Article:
Alice In Wonderland Theme Wedding Mini Cakes, Help Please

Decorating By Jasmin32 Updated 4 Jun 2014 , 6:14pm by -K8memphis

Jasmin32 Posted 3 Jun 2014 , 1:06pm
post #1 of 6

Does anyone have any suggestions on how to create something like in the photo, the cake off the old Alice in Wonderland movie?

 

The client doesn't mind if they're not square, she's happy with whatever is easier for me, but to be honest they don't seem easy at all!

 

I've tried tonight with some sponge I cut it into small squares and poured a softened fondant over the top, which I also added a bit of water too.

 

It dries with a nice dry touch but it looks so lumpy on the sponge as the sponge squares are just an airy soft sponge underneath.

 

If I cover them in a buttercream first it's sooo fiddly and to make over 100 of them it's going to be horrid.

 

If anyone has an idea on how to make something like or similar to the photo that will be greatly appreciated!

 

Thank you!!!

5 replies
-K8memphis Posted 3 Jun 2014 , 1:26pm
post #2 of 6

that looks like a cookie to me -- a nice soft sugar cookie

virago Posted 3 Jun 2014 , 2:11pm
post #3 of 6

how about putting a small, thin piece of MMF on top of each square. the MMF would be embossed, stamped, or even written on (edible marker) to say "Eat Me". the edges of the fondant would be hidden with a simple, piped scroll. like this...

 

alice in wonderland petit four

to maintain uniformity, all petit fours and the MMF top piece should be the same size. that means measured cuts on the sponge cake. you could repurpose a cookie cutter to cut MMF pieces to desired size and shape. if embossing or stamping, you'll have to find 'whimsical' lettering. 

 

 

here's some Valentine cookies (NFSC) with embossed MMF. the lettering is not very whimsical but it was the only tool I had...

 

NFSC assorted sized Hearts, MMF embossed

 

  

HTH

AZCouture Posted 3 Jun 2014 , 2:43pm
post #4 of 6

AYep, they're a pain! If I ever do many mini cakes, I'll be, I mean the customer will be buying me some of those nifty sectioned pans by Squires. I know one thing for sure: if the crumb is intact all the way around the cake, it's infinitely easier to get a smooth covering on them. Cutting them from a sheet, now your crumb is well.....crumbly and bumpy, and have fun wit dat! ;)

cai0311 Posted 3 Jun 2014 , 5:26pm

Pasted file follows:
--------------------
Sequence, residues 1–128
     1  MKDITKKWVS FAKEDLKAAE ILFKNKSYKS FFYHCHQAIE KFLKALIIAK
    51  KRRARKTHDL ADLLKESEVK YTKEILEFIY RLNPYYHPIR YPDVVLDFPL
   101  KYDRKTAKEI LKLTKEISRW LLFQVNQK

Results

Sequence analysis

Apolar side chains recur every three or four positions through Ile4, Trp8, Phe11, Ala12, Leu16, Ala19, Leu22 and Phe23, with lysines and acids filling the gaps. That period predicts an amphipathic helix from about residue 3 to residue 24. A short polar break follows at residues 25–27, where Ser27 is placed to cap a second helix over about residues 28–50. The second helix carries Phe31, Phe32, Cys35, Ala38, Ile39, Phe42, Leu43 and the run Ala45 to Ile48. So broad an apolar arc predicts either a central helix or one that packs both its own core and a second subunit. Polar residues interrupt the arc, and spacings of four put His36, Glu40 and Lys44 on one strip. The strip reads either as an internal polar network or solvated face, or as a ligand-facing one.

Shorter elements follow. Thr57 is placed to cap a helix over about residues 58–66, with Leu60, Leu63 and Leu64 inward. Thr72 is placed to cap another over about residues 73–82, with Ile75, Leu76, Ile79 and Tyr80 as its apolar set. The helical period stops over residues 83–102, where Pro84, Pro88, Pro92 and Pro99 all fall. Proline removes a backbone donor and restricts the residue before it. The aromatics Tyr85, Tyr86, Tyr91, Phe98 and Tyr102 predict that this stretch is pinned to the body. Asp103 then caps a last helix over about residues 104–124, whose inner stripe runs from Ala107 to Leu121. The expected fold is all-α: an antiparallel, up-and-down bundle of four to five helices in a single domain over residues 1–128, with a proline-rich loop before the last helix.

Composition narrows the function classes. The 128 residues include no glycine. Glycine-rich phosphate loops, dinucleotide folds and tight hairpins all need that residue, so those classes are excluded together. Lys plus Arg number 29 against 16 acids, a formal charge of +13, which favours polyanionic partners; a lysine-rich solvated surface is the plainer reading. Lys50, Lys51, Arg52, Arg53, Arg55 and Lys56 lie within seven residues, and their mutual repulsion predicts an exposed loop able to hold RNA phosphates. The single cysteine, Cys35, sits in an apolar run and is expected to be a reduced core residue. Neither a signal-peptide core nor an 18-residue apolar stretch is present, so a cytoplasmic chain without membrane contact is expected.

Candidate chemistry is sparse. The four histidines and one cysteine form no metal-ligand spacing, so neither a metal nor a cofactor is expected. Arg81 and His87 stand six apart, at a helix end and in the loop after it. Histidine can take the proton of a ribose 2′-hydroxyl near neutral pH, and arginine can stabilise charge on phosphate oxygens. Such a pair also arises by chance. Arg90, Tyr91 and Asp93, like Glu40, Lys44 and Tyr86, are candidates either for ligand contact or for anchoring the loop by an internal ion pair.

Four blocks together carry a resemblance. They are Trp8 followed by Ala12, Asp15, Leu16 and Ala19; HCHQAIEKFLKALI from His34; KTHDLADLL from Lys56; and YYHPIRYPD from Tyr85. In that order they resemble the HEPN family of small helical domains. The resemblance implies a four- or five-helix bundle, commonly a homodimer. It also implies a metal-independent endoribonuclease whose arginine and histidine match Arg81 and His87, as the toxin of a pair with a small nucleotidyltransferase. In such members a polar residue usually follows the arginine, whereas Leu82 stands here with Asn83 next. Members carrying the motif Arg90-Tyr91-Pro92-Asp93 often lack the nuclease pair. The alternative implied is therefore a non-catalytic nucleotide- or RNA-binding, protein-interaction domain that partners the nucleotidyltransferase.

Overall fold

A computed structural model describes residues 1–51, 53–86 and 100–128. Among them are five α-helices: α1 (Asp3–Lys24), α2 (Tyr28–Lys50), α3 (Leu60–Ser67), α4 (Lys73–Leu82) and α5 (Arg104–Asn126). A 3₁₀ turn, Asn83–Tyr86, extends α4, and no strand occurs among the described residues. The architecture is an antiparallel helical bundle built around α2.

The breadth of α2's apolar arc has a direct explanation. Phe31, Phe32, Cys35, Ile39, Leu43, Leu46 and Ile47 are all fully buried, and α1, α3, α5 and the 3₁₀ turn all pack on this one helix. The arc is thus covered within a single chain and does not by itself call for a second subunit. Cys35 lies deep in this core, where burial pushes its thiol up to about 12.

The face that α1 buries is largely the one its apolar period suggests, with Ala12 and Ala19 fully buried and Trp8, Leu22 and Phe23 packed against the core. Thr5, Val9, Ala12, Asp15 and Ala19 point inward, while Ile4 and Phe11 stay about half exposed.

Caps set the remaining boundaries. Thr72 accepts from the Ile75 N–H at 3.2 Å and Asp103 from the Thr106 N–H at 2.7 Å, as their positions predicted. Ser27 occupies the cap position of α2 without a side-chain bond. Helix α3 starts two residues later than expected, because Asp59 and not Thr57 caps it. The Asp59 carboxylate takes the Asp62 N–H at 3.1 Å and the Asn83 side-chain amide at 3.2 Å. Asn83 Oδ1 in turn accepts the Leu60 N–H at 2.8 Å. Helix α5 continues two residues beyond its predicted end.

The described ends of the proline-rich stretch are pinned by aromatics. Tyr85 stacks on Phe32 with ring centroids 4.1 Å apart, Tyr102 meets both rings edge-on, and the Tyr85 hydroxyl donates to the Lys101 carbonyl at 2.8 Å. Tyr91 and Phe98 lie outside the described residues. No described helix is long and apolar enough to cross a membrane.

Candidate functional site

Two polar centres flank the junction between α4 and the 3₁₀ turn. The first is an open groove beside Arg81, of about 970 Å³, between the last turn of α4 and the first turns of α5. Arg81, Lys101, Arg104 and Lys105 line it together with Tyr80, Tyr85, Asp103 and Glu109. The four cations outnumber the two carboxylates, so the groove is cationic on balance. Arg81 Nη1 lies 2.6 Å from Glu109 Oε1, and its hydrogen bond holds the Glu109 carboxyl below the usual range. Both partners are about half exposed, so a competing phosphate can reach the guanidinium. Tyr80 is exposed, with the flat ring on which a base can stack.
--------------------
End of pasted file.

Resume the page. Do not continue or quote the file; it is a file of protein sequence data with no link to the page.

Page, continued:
post #5 of 6

AI had "mini cakes" at my wedding. I put mini in " " because the baker made them 4" x 4" x 4" square cakes! Anyway... now that I decorate cakes, I cannot imagine how much work that must have been for her. I have had a couple brides ask me for a quote on mini cakes. I always quote high enough they won't book with me :)

-K8memphis Posted 4 Jun 2014 , 6:12pm
post #6 of 6

i have three recipes i use shortening in-- this is one of them

 

Connie's Sugar Cookies

soft & cakey cookies

 

3 cups sugar

1.5 cups shortening*

3 eggs

2 tablespoons baking powder

1 tablespoon baking soda

1 teaspoon salt

1 teaspoon vanilla

1.5 cups sour milk**

7 cups all purpose flour

 

combine like for any cookie -- chill overnight -- bake 350 degrees

 

when these are rolled out (1/4 inch or so) you need a fair amount of flour--these can be cut out then they puffy a bit in the oven --looks almost exactly like the picture--they come out like the big thick soft sugar cookies from the grocery store with the thick icing on them-- they are soft & a nostalgic favorite for us -- they freeze like crazy --

 

i wonder how they would come out if some cake flour was used...

 

* never made this recipe with butter--all that water & flavor in the butter will make a very different type of cookie than if you use the shortening--the shortening gives the cookies a mild/bland blank canvas effect because you want to jolt it with the icing--

** i always use apple cider vinegar in milk to sour it for this recipe, a coupla tablespoons to a cup -- i think i used buttermilk once and it was too thick but..

 

i would use this if i wanted to duplicate that "eat me" cakelette

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